I was the sole camper and decided to set myself up for a few days. The difference between the other campgrounds within Murray Sunset is the accommodation options. You can bush camp as per normal, or if you have a large group, book one of the hostel style rooms online or through Parks Vic. If you take this option you also get a kitchen, flushing toilet and hot shower. I like camping here as you have access to some great tracks, you can occasionally get mobile reception (especially on a clear night) and the birdlife is plentiful.

On checking the map, the Border Track grabbed my attention. As a mere male, following a track down a border is something that must be done, no matter what. While not as challenging as the famed section further south, this section is still a great drive. There are still some large sand dunes to tackle, they aren’t as gnarly as their southern cousins.

From the Shearers Quarters, I took Taparoo Track up to the Stuart Highway. It was a beautiful drive, especially across the Copi Plains. The emus and kangaroos were plentiful and the sheep loved it too when they roamed this district. I stumbled across the old ‘Taparoo’ Homestead site. The display of old cars was amazing and yet so out of place. On reaching the blacktop, I headed towards South Australia taking the opportunity to put my rubbish in one of the bins before turning south onto the Border Track.

When the track reached Settlement Road, it changed dramatically. It was slow going as the sand deepened and the moguls appeared. Between first and second gear, dodging low branches, twisting and turning, riding out the bumps. The bush really closed in and the dunes became more frequent. The next 14km took me nearly two hours and when I reached Pheenys Track, it was time to abandon the border and head back to camp.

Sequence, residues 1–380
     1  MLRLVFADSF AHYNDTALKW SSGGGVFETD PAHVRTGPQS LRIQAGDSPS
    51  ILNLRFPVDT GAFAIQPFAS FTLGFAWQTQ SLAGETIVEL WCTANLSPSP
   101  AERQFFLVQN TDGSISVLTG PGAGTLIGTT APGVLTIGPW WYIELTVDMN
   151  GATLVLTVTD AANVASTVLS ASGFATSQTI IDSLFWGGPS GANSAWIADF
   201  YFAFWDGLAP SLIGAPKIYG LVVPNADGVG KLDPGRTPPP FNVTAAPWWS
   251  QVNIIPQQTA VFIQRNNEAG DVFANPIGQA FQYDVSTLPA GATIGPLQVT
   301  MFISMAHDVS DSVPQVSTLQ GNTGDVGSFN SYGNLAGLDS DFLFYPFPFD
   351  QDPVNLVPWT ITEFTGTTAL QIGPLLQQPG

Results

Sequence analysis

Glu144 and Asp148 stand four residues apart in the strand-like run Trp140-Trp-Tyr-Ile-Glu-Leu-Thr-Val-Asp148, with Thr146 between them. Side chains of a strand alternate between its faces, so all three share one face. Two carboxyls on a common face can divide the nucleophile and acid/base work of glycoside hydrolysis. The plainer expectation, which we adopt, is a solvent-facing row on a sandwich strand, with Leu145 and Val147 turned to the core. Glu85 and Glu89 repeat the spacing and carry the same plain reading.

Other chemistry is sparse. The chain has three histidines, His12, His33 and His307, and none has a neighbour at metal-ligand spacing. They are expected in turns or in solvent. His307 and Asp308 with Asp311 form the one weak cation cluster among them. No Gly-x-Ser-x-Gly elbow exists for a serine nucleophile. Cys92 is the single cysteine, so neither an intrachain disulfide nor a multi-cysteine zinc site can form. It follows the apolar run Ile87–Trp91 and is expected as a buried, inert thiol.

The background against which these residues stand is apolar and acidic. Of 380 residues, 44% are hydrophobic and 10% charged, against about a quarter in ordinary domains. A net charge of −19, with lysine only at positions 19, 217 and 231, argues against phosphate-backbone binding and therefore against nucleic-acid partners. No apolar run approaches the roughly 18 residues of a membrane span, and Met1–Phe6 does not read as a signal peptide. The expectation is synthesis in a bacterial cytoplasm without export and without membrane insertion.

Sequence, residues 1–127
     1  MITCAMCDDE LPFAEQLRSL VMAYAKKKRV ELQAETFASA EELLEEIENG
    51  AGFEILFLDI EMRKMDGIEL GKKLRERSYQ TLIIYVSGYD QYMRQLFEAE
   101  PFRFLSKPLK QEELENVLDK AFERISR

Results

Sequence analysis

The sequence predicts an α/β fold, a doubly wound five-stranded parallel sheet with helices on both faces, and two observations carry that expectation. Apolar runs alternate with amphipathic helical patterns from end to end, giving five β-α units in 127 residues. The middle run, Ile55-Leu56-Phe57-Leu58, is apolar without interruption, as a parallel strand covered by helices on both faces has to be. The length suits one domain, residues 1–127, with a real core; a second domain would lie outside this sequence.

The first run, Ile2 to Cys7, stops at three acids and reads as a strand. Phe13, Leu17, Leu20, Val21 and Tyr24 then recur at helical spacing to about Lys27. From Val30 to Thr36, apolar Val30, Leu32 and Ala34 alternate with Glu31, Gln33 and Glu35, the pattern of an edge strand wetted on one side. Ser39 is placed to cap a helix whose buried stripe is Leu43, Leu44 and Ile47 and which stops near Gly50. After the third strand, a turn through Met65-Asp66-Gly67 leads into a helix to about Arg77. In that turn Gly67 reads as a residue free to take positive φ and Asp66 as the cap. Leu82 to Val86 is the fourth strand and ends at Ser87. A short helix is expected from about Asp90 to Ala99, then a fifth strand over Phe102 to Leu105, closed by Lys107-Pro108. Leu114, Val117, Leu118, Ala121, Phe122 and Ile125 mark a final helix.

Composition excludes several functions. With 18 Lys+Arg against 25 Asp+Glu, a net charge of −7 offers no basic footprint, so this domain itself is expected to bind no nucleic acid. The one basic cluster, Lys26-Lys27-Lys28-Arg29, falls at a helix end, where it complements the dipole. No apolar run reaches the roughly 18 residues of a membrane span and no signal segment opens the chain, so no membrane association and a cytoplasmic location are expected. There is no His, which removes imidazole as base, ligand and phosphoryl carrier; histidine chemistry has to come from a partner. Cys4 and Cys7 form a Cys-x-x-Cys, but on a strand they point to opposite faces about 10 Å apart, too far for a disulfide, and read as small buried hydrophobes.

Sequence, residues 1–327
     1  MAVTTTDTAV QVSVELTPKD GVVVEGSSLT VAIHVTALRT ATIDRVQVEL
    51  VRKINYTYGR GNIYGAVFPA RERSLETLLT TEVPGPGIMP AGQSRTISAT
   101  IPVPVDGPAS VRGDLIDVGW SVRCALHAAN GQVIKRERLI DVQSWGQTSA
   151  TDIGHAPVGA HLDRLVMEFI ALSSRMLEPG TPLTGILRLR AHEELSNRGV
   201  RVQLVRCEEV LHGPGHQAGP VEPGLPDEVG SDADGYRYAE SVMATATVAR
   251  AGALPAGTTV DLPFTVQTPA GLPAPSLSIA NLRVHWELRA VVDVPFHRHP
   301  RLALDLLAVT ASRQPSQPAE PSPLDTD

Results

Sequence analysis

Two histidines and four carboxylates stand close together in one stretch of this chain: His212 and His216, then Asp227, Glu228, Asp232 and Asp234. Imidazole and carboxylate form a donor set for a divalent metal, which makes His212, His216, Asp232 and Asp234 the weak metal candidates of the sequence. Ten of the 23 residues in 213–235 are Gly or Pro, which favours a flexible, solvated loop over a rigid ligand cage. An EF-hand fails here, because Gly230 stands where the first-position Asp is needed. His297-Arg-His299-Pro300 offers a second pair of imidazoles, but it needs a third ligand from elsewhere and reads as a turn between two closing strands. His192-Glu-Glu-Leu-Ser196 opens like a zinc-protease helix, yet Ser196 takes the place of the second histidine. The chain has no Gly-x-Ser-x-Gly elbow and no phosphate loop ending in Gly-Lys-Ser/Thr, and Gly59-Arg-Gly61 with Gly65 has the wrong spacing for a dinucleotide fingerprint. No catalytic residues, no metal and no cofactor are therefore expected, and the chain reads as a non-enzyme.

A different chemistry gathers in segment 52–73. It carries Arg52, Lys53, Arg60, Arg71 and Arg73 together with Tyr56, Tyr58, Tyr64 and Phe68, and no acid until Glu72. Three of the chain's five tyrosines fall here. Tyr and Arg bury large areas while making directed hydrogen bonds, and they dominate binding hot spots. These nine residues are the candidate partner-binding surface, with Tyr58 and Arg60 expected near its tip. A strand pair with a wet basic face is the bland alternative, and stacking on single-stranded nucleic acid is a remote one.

Pheenys was a doddle, smooth and wide before turning onto the Millewa South Bore Track that took me back to the Shearers Quarters. This track was severely corrugated in patches and followed an old fence line from days long gone. The bush was tightly packed and it wasn’t until I neared the Shearers Quarters that the land opened up again into prime sheep grazing land. The wind picked up as I prepared a fire, the sound of it moving through the trees was intoxicating, too bad I was the only one here to enjoy it.

To exit the park, I jumped back onto Pheenys Track, which was good going until a 20km stretch between Bambil South and Underbool Tracks. There were numerous water damaged sections that required diversions but a couple offered no option but to drive through, picking the right line was a must. Underbool Track was sandy with many dunes within a short section before I turned onto Nowingi Line. This was straight, flat and easy once the right speed was reached to negate the corrugations. An old gypsum hopper the final highlight before I finally reached the Calder Highway and the end of my trip.


REGION: North-western Victoria

NEAREST TOWN: Murray Sunset is located 550km from Melbourne and 400km from Adelaide. Mildura and Renmark are the largest towns nearby and have all the facilities you need.

WHEN TO GO: The cooler months from April to September are the best times, but access may close after rain. The warmer months bring native bees that are attracted to water.

ACCOMMODATION: Within Murray Sunset there is free camping at Lake Crosbie, Mt Crozier, Mopoke Hut, Rocket Lake and the Shearers Quarters, each with pit toilets, tables and fire pits. Rain water may be available depending on conditions.

WHAT TO TAKE: A compressor and tyre gauge, tyre repair kit, firewood, food and water. Take out what you take in (except wood of course).

DIFFICULTY: Once you move away from the Pink Lakes, most tracks will offer you a good challenge in the deep sand. When it is warmer, the tracks are even more challenging.

CONTACTS: Parks Victoria